robber fly


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Related to robber fly: Asilidae

robber fly

n.
Any of numerous predatory flies of the family Asilidae, characteristically having long bristly legs.

robber fly

n
(Animals) any of the predatory dipterous flies constituting the family Asilidae, which have a strong bristly body with piercing mouthparts and which prey on other insects. Also called: bee killer or assassin fly

rob′ber fly`


n.
any of numerous, often large, dipterous insects of the family Asilidae that are predaceous on other insects.
[1870–75]
ThesaurusAntonymsRelated WordsSynonymsLegend:
Noun1.robber fly - swift predatory fly having a strong body like a bee with the proboscis hardened for sucking juices of other insects captured on the wingrobber fly - swift predatory fly having a strong body like a bee with the proboscis hardened for sucking juices of other insects captured on the wing
dipteran, dipteron, dipterous insect, two-winged insects - insects having usually a single pair of functional wings (anterior pair) with the posterior pair reduced to small knobbed structures and mouth parts adapted for sucking or lapping or piercing
Asilidae, family Asilidae - robber flies
Translations
References in periodicals archive ?
First Arkansas record of the robber fly Microstylum morosum (Diptera: Asilidae).
After stabbing the prey with its hypopharynx, the robber fly injects neurotoxic saliva that immobilizes the prey and also contains proteolytic enzymes that liquefy the prey's tissues, which are then sucked out through the proboscis (Kahan, 1964).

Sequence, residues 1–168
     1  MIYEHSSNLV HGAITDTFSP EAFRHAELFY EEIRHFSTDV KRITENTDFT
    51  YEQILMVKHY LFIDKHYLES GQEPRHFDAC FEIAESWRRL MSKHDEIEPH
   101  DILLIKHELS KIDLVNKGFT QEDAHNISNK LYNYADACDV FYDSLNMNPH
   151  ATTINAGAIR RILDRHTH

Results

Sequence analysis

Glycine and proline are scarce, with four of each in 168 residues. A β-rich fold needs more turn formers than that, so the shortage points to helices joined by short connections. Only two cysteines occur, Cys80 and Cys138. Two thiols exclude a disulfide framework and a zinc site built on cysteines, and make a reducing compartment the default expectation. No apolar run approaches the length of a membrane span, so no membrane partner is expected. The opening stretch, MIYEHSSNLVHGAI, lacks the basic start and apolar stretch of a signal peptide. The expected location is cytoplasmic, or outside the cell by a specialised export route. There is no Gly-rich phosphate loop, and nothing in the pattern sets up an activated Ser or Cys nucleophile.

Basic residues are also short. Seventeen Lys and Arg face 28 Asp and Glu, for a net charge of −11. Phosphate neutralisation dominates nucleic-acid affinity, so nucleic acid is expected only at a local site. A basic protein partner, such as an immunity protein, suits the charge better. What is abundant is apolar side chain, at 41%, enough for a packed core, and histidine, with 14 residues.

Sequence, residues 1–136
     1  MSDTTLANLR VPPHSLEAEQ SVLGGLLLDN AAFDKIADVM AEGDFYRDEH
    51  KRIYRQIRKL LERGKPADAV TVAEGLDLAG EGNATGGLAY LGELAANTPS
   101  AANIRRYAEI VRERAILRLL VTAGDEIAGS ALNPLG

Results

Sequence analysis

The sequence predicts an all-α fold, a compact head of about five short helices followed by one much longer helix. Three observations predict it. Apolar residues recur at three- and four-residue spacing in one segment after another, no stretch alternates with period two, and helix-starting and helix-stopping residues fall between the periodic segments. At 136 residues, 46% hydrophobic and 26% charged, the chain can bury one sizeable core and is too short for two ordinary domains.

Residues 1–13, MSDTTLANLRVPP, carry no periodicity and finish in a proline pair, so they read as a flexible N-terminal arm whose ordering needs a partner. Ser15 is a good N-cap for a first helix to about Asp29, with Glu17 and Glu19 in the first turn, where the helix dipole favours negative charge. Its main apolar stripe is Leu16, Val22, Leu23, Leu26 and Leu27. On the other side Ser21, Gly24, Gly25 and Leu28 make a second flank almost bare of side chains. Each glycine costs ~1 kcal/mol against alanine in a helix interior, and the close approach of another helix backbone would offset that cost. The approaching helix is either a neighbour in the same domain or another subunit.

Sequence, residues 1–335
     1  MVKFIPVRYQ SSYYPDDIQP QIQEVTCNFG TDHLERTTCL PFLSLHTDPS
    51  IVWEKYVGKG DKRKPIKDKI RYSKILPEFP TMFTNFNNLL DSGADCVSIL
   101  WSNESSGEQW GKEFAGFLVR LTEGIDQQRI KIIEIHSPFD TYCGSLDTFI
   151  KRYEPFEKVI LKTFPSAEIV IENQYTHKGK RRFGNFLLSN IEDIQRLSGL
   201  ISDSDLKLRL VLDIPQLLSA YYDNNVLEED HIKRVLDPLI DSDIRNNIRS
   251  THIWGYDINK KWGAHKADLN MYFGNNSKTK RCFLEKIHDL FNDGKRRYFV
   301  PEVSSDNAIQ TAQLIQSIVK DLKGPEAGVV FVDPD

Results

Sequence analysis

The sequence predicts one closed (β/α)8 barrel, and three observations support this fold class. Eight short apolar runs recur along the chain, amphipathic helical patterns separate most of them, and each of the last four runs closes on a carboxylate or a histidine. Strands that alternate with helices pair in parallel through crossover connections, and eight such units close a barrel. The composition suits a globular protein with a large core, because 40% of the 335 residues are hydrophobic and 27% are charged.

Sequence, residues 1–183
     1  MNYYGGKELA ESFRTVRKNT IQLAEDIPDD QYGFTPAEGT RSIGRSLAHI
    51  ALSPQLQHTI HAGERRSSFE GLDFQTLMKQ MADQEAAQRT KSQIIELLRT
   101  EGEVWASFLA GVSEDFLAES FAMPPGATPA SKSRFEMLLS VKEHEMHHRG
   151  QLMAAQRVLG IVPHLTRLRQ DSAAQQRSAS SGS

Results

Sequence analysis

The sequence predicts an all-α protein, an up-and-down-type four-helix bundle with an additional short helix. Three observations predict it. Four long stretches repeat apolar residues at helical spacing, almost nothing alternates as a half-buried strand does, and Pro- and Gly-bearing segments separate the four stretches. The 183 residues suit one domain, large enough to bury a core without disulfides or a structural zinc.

The robber fly then injects paralyzing saliva and proteolytic enzymes into its victim, and the liquefied contents of the prey are sucked out (Kahan, 1964).
"Our grasslands are vulnerable and the marsh fritillary butterfly is a flagship species that depends on them for its survival; it is under threat and can only be found in small areas of West Wales.We need to get the cattle back onto the fields so they can graze the grass, and then the hornet robber fly that lives on cow pats can thrive and feed on smaller flies."
Guillemette, Worcester, "Monarch on Clover"; Best of Season (two winners): Carol Morocco, Worcester, "Grasses: Troiano Brookside Trail" and Michael Walker, Cromwell, Conn., "Wood Lily"; Wildlife (two winners): Michael Walker, Cromwell, Conn., "Snapping Turtle" and Anka Ehrhardt, Worcester, "Robber Fly"; Sanctuary Waters (two winners): Stephen Gehlbach, Amherst, "Troiano Tree" and William Derr, Worcester, "Ice Rising from Broad Meadow Brook"; People in Nature: Lydia Yanis Simoneau, Boylston, "Family Life at Broad Meadow Brook."
While David prepared to capture the shot, a robber fly arrived and decided to join in.
Some articles that cover robber fly ovipositon include a superficial description of the eggs (Lavigne 1963a,b, 1964, 1979, 1984; Dennis and Lavigne 1975, 1976a,b,c, 1979; Lavigne and Dennis 1975, 1980, 1985; Dennis and others 1986; Lavigne and Bullington 1984).
Most of the North American robber fly species from the family Asilidae (experts estimate more than 1,000 different species) have a long wasplike abdomen.
Others seem to be camp followers, such as a species of a robber fly that preys on the Melanophila beetles.
"Besides chipping and burning all affected trees, other possible controls - birds, parasitic wasps, other beetle larvae, and robber fly larvae - should also be studied," says Lingafelter.
With big eyes and an even bigger appetite, this robber fly (right) hunts for bees.